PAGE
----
As Mumbai and Delhi exceed pollution limits, I realise there is a master plan behind all this: That even as we teach the world, through different modules and methods, meditation, yoga and a host of other techniques, now our leaders want every citizen to excel at what we teach the world outside:

"Hold your breath!" says the desi instructor in New York as he shows his breath control.

 “Where did you learn such control?” his students ask, and his mind goes to his childhood: "Hold your breath!" whispers his mother as he goes to school and both mother and son hold their breath, till they safely pass the rotting garbage dump.

"Don't breathe!" I tell myself as I see the dead carcass of a crow lying next to ten sweepers enjoying their morning cup of tea. "Don't breathe!" I tell myself again as I pass the same rotting crow next morning and as one of the sweepers waves to me as I stare at the dead bird.

The third day I let out a sigh of relief but quickly hold on to my remaining breath as I see the dead bird with innards exposed dragged a few feet into a bush, but alas still emitting a telltale smell.

This time, all the sweepers wave to me. I point to the dead crow and all of them look sadly at the sky. Like I said we taught the rest of the world to hold their breath and still continue to hold our own.

My friend calls me from England. "Bob," he said, "I've started breathing exercises and it's amazing! I've got a dozen of you chaps in my class, and you should see them with their …"

"Breath control!" I shout back.

"Yes," he shouts back, "it's a gift!"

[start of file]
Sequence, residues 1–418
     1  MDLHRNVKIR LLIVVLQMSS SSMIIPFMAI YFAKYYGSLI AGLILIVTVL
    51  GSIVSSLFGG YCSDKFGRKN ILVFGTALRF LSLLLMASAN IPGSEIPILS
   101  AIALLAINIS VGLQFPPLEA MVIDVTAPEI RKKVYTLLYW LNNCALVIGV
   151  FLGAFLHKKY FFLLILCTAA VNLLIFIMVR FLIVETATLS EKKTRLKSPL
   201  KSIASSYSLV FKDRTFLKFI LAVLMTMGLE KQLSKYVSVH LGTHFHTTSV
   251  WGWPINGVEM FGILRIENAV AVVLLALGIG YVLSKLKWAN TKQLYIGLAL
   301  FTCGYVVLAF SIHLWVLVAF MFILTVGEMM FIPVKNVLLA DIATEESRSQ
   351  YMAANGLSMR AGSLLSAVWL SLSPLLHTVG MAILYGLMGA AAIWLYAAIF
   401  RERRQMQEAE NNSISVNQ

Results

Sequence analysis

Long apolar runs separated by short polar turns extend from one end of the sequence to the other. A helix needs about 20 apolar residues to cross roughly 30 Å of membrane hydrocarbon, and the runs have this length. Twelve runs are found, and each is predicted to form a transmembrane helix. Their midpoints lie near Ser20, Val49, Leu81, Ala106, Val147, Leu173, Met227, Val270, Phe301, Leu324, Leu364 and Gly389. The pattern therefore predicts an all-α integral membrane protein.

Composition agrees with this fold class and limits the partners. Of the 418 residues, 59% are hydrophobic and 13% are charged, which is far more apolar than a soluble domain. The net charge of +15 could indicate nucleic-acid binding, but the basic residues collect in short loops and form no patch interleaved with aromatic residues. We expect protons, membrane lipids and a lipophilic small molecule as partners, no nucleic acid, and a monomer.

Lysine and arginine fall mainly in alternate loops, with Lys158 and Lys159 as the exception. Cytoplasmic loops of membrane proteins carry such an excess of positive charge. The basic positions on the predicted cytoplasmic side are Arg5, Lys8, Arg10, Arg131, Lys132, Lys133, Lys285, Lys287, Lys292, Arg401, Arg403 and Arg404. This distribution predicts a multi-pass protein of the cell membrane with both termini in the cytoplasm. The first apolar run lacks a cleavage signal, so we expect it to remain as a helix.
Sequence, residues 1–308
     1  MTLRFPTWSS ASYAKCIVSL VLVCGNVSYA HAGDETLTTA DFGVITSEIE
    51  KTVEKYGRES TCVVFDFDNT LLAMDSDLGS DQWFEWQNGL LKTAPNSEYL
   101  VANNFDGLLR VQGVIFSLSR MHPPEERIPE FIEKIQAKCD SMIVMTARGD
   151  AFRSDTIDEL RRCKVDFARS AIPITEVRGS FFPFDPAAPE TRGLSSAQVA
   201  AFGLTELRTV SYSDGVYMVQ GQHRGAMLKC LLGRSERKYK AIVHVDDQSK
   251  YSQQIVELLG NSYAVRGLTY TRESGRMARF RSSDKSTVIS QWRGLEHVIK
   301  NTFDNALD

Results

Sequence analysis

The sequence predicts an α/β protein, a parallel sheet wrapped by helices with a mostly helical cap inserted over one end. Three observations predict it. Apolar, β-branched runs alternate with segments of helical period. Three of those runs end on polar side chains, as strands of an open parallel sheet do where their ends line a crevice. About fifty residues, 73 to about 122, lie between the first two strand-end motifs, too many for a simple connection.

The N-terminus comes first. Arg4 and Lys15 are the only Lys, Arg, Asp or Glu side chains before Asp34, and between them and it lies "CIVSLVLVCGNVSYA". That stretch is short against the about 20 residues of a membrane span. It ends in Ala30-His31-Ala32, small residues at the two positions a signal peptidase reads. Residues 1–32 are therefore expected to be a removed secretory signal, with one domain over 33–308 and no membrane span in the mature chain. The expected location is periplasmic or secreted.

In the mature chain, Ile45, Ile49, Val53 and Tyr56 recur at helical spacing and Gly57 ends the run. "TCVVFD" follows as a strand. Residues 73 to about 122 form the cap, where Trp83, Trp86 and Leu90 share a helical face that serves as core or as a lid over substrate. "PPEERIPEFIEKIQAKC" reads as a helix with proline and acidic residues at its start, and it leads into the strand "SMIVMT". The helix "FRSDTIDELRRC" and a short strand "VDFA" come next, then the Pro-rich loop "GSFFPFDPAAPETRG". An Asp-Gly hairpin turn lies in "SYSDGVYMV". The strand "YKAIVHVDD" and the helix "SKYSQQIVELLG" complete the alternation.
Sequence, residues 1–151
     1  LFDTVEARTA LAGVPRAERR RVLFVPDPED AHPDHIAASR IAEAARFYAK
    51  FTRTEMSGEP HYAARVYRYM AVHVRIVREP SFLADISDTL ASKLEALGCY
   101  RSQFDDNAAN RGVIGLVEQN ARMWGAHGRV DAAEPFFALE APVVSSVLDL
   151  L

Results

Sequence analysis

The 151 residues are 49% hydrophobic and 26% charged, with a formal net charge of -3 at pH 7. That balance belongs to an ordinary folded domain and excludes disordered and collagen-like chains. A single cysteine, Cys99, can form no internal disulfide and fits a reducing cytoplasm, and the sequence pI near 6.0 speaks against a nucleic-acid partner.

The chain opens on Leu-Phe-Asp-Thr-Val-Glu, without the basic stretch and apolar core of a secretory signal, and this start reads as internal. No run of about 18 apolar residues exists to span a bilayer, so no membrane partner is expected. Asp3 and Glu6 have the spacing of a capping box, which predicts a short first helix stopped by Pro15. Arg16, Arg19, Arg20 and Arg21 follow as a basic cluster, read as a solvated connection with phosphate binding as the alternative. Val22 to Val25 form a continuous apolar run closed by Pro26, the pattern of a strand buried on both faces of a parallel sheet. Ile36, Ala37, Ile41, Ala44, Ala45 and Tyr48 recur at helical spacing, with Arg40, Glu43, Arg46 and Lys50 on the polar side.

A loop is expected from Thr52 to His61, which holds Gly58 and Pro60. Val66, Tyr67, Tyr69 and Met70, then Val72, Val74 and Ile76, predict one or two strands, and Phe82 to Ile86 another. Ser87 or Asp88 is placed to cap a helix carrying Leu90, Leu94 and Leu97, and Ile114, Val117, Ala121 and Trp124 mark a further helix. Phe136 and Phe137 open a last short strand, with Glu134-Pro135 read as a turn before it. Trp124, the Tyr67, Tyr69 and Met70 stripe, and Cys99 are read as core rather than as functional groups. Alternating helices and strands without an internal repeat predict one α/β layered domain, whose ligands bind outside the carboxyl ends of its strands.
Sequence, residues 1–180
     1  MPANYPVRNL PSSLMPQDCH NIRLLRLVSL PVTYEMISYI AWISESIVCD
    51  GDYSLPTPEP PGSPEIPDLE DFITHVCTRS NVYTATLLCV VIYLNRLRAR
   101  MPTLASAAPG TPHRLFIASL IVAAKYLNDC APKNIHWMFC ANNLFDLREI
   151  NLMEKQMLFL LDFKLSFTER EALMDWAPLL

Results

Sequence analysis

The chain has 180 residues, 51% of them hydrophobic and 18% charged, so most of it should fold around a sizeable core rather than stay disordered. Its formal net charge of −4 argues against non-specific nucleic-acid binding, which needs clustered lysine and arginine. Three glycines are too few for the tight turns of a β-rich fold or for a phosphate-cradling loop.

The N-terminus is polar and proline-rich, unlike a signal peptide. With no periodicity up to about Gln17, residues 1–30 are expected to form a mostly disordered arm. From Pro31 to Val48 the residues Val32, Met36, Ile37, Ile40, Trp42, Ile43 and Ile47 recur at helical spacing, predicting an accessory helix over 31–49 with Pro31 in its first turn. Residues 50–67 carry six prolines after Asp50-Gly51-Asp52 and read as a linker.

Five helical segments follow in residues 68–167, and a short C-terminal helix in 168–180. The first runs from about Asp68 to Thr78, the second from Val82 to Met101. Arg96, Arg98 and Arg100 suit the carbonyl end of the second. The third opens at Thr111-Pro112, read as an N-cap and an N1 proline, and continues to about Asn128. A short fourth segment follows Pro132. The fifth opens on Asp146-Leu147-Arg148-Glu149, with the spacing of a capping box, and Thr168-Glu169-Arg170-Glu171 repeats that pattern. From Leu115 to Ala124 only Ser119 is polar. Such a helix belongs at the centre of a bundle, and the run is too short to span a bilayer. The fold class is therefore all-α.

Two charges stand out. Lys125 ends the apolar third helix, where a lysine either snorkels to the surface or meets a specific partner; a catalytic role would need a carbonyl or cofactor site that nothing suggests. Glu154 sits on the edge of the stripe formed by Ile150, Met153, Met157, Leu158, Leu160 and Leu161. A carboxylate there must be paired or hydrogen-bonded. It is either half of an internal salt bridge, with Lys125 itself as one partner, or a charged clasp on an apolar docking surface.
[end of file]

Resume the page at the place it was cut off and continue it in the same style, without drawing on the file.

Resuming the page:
"It comes with our atmosphere!" I shout back, even louder.

"You lucky chaps!" he whispers.

And suddenly I understand as today in Mumbai and Delhi the air we breathe gets even more difficult to take in, and the authorities don’t even bother to listen to experts, I suddenly realise they are only teaching us to be the best in the world in ‘controlling our breaths’.

The dead crow or part of it is still lying under the bushes the next day. I hold my breath and pass by, but with a smile on my face.

The sweepers are at their tea. “Now you know why we didn't clean up," they all shout, "so you could learn to control…"

 “My breath..” I complete and nod happily while peeling out a hundred rupee note which I give Bachu, the sweeper with the cleanest broom, "For keeping me…"

"Breathless!" he whispers.

And in the background I hear the voices of municipal commissioners saying sternly, “The whole world is learning from us, yet you locals don’t appreciate our techniques, now hold your breath and learn..!”

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